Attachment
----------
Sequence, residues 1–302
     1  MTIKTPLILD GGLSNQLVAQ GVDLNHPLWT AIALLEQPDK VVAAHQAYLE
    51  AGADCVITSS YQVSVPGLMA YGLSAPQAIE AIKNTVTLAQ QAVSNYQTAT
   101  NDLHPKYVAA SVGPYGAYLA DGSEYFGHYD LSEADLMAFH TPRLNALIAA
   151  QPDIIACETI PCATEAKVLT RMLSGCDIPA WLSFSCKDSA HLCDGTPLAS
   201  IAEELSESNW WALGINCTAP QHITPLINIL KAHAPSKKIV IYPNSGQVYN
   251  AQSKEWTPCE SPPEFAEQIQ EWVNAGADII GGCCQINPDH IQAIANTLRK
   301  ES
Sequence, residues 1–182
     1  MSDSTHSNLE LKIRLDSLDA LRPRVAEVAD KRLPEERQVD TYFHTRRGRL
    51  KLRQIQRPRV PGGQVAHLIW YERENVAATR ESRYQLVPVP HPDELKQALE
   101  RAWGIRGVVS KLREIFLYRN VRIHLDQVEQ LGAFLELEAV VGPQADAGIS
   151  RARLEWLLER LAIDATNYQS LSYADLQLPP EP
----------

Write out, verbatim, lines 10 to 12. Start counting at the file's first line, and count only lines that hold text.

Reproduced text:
     1  MSDSTHSNLE LKIRLDSLDA LRPRVAEVAD KRLPEERQVD TYFHTRRGRL
    51  KLRQIQRPRV PGGQVAHLIW YERENVAATR ESRYQLVPVP HPDELKQALE
   101  RAWGIRGVVS KLREIFLYRN VRIHLDQVEQ LGAFLELEAV VGPQADAGIS